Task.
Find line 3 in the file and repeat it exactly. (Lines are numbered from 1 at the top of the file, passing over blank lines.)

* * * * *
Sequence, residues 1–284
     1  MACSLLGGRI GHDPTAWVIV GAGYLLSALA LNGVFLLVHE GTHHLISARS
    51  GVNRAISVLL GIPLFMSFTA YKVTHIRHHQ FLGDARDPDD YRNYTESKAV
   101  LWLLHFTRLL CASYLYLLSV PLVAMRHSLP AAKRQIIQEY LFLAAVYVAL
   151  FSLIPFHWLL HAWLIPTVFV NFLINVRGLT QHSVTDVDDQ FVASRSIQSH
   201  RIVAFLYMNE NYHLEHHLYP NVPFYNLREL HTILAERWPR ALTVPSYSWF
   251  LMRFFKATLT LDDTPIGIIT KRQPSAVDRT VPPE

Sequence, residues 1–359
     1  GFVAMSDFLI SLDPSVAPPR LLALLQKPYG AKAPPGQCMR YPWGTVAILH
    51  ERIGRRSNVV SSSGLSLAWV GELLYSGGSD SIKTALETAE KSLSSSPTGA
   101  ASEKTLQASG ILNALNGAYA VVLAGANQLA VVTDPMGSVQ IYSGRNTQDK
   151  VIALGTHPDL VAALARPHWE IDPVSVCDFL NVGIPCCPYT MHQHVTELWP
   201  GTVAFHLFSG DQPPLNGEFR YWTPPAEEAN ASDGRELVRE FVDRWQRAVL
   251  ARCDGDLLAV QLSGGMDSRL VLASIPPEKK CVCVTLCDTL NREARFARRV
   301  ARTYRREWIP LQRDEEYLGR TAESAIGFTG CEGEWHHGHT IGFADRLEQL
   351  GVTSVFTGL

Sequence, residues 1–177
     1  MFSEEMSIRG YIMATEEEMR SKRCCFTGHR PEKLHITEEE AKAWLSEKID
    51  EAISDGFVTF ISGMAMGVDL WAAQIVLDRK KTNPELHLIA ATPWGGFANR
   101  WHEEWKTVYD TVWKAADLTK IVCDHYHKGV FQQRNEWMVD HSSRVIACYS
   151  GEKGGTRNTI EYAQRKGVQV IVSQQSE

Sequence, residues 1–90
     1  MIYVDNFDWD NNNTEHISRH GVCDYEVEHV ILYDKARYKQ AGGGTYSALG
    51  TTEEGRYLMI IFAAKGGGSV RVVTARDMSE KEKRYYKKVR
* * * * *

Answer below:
    51  GVNRAISVLL GIPLFMSFTA YKVTHIRHHQ FLGDARDPDD YRNYTESKAV